Lighting up the Darkness
As light painters we have the unique gift of illuminating the darkness and revealing the unseen. It is the profound process of transforming darkness itself into a canvas for expression. I’ve witnessed dynamic transformations that other modalities were unable to achieve. We may sometimes take for granted the metaphorical darkness, and what it means for a therapy client to enter into that space with us.
I’ve always given credit of my intro to light painting in 2013 to an art therapy client who sought a photographic technique that would “light up the darkness.” She had been navigating through her own version of darkness, as were other trauma survivors that I worked with. At this point in time, she wanted to explore shape and form at night with the ambient light of the moon and streetlights.
I researched, “light, darkness, photography,” and immediately found “light painting.” Hundreds of dynamic images jumped off the screen. Something in me was awakened. I then found Jukka Laine’s work utilizing LP as a therapeutic technique and came upon the Seeing With Photography Collective, and Dennis Smith’s testimonial in an Art Therapy Blog. I went home that night to try the technique.
And so it begins….
I set up my tripod, aperture, and exposure, dimmed the lights and grabbed a penlight. It’s amazing that something so simple as a squiggle of bright lines can elicit such a feeling of joy. My initial observation was that this process converts all the energy from the canvas into the space around you. You are no longer confined to a 2 dimensional space. Every subtle gesture and dynamic movement is translated into light and form. You can move to the rhythm of music, illustrate a story, portraiture, … the possibilities are endless. As an art therapist I saw it’s profound potential in working with trauma survivors, in journeying through darkness to light.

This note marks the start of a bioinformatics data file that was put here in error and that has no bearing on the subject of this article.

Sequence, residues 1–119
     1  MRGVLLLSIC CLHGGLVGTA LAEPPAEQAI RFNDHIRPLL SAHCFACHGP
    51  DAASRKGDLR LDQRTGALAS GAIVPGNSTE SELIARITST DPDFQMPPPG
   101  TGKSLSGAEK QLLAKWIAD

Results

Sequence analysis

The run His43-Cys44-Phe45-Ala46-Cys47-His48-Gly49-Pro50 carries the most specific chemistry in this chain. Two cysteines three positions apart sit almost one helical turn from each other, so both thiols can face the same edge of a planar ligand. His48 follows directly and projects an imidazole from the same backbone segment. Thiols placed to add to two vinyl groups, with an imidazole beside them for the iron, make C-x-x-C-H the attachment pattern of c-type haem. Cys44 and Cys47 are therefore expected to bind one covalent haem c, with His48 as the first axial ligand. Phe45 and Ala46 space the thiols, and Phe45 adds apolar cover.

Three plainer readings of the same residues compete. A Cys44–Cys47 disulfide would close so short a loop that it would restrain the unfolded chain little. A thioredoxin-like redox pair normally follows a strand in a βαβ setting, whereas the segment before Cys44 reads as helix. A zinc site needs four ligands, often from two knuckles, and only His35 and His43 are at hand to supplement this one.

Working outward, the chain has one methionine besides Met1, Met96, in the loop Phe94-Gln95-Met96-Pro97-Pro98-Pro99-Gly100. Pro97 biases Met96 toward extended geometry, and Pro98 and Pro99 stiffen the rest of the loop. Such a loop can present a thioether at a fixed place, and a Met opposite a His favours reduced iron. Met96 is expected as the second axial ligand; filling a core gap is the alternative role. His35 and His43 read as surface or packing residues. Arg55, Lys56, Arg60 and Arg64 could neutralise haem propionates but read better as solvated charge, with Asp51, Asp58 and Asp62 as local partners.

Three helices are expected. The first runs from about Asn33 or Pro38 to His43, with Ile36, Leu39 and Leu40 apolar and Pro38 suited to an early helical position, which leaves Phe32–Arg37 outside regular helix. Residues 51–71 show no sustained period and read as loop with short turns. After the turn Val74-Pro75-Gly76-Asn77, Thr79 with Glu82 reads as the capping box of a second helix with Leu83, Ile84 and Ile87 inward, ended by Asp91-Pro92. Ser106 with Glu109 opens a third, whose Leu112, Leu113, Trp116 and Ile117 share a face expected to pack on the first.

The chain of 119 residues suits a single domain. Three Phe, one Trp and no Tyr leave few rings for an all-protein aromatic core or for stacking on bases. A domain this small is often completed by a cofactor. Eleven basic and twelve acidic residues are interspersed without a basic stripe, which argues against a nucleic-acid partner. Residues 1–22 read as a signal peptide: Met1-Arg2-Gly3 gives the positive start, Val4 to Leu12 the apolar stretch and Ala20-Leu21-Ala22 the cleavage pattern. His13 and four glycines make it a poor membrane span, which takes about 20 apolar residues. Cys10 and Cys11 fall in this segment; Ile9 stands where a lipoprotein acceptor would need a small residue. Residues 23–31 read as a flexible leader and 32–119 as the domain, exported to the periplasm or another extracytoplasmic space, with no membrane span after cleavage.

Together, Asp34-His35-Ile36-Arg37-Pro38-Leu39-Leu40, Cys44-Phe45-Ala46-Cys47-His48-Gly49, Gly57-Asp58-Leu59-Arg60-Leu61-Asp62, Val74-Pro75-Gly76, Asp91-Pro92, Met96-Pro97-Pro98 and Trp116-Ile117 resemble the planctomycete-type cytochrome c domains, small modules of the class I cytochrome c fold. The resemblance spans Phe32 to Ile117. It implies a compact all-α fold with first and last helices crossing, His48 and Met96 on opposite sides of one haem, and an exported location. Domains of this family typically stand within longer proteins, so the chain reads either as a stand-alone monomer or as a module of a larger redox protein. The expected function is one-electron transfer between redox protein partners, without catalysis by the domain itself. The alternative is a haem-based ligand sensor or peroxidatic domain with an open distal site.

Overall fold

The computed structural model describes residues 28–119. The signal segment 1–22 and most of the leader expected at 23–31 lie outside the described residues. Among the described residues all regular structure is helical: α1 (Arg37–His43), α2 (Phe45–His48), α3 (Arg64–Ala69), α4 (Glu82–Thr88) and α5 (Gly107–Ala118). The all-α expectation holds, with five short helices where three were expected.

After much exploration, research and collaboration with colleagues, I began bringing it into therapy sessions. The client who had originally inspired the technique quickly took off with it and began doing it at home and instructing others. My field observations were consistent with what I observed in session. The light “brush” acts as an object of kinesthetic transference, similar to how a scarf would be used in a dance and movement therapy session. It becomes an extension of self that provides a secondary gain, which is the light drawing itself. The photo produced in session provides a multitude of information and may be processed exploring self-perceptions, beliefs, gestalt principles, etc.
Working with the System
Returning to the narrative of Bosnia as it relates to therapeutic light painting; as clinicians and light painters we are often merely visitors… guests in the client’s world. It’s always important to be aware of their support systems and work with the multidisciplinary team. If I see them on just a contract basis and am not their primary therapist, I will do all I can to collaborate with their therapist. The therapist may have recommendations and insight, especially pertaining to triggers and resources. There is an abundance to be expressed and received in the therapeutic LP process. The client will benefit significantly more if the LP session/s can be bridged with other work they’re exploring, and the support systems they have in place.
Present Work and Future Plans
Since 2013, I’ve have utilized LP primarily with trauma survivors, those coping with grief, loss, body dysmorphic disorders, mood disorders and addictions. Having recently moved from New Orleans to Wichita Kansas, my primary goal over this last year has been to establish the structure and groundwork within my workplace to provide light painting photography to the veterans whom I am honored to serve. There are still a number of steps to take before official start up. With their consent, I hope to share their work in future blog posts, while honoring how they choose to share their story.
My hope is to also utilize LP in the community, providing opportunities for connection, expression, and healing while returning to my roots as an art therapist, working with children at risk. While this post was focused more on a narrative, I plan to share specific techniques, clinical observations, practical applications, and research in future posts.
The Darkness of the world cannot extinguish the light from a single flame.
St Francis of Assisi
This post is written by art therapist Christina Vasquez from Wichita, Kansas.
All light paintings are made by her.
Specializing in the clinical application of Light Painting in conjunction with Art Therapy, Christina has over 17 years experience in the field of mental health care. Board Certified Art Therapist and Fellow in Thanatology, Christina discovered Light Painting in 2013 when searching for a therapeutic way to “light up the darkness.” Since then, she has co authored the Digital Art Therapy chapter focusing on Therapeutic Light Painting, and is currently working with veterans in the Wichita, Kansas area.